International law  

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"The sanctuaries of Christendom would be safeguarded by assigning to them an extra-territorial status such as is well-known to the law of nations."--"Der Judenstaat" (1896) by Theodor Herzl

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International law (also known as public international law and the law of nations) is the set of rules, norms, and standards generally recognized as binding between states. It establishes norms for states across a broad range of domains, including war and diplomacy, economic relations, and human rights. International law differs from state-based domestic legal systems in that it is primarily, though not exclusively, applicable to states, rather than to individuals, and operates largely through consent, since there is no universally accepted authority to enforce it upon sovereign states. States may choose to not abide by international law, and even to breach a treaty but such violations, particularly of peremptory norms, can be met with disapproval by others and in some cases coercive action ranging from diplomatic and economic sanctions to war.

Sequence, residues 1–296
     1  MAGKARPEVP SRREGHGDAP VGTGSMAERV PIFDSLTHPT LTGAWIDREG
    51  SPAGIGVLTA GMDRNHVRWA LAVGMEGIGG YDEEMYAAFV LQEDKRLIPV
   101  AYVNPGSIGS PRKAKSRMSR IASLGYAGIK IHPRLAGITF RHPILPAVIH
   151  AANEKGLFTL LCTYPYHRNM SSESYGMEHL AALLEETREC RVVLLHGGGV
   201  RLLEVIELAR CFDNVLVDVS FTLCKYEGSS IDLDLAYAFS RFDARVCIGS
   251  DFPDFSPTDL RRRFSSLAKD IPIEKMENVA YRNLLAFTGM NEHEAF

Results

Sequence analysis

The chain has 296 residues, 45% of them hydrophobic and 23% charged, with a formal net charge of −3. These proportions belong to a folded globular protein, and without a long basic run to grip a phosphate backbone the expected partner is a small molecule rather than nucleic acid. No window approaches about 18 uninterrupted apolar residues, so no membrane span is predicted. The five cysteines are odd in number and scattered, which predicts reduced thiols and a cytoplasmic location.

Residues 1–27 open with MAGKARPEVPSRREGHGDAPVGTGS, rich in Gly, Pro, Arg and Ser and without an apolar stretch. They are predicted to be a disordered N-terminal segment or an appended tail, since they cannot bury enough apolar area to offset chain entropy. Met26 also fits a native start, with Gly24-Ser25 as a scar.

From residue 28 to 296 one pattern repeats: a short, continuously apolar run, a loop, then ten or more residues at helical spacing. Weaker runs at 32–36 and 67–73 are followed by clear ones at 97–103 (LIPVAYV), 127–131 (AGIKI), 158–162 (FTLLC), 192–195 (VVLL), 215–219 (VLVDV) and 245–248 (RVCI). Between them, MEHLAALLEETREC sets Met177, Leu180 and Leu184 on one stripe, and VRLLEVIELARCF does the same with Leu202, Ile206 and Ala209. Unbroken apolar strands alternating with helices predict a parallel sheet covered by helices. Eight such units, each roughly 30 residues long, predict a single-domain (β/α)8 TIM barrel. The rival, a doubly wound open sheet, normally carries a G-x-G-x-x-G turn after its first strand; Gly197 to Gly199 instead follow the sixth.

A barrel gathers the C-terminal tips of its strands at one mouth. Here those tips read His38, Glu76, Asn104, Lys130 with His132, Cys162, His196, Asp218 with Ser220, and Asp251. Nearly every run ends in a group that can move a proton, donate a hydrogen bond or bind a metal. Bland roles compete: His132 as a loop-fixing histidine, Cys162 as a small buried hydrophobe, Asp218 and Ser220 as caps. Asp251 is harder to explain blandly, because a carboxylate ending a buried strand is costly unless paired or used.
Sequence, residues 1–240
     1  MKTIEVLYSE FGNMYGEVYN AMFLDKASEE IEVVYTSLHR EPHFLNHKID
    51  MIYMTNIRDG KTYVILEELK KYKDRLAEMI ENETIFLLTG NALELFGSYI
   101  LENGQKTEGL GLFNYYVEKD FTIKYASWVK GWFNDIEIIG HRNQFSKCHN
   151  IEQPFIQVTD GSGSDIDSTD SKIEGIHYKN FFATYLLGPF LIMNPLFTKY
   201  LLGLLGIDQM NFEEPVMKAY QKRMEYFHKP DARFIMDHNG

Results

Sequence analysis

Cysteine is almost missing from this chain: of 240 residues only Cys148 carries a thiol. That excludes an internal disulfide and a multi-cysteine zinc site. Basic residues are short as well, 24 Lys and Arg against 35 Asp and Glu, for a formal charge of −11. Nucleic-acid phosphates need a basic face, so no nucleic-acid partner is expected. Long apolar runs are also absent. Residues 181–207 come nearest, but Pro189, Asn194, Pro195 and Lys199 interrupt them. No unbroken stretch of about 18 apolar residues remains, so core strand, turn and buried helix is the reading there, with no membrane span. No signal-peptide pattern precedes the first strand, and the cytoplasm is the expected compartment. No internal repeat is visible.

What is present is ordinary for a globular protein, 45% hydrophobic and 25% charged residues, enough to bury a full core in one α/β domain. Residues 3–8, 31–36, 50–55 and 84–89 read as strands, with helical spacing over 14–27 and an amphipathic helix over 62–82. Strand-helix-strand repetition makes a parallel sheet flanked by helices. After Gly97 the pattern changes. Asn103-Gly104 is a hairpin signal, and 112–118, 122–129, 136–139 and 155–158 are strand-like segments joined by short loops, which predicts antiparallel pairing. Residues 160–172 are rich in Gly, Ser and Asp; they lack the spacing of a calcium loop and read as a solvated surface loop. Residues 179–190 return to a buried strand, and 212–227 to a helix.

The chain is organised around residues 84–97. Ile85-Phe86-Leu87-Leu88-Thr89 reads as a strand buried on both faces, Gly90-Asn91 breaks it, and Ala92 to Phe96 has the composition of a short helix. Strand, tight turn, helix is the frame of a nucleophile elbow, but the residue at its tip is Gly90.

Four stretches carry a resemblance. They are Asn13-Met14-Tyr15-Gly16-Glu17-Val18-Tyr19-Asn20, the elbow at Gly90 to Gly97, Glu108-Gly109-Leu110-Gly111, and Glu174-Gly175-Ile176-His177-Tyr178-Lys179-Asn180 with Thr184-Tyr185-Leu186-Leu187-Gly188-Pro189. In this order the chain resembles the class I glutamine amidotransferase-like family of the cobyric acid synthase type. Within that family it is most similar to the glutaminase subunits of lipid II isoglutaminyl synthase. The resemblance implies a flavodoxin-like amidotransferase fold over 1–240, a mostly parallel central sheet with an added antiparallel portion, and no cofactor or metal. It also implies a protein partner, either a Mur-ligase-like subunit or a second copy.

With origins tracing back to antiquity, states have a long history of negotiating interstate agreements. An initial framework was conceptualised by the Ancient Romans and this idea of ius gentium has been used by various academics to establish the modern concept of international law. The sources of international law include international custom (general state practice accepted as law), treaties, and general principles of law recognised by most national legal systems. Although international law may also be reflected in international comity—the practices adopted by states to maintain good relations and mutual recognition—such traditions are not legally binding. The relationship and interaction between a national legal system and international law is complex and variable. National law may become international law when treaties permit national jurisdiction to supranational tribunals such as the European Court of Human Rights or the International Criminal Court. Treaties such as the Geneva Conventions require national law to conform to treaty provisions. National laws or constitutions may also provide for the implementation or integration of international legal obligations into domestic law.

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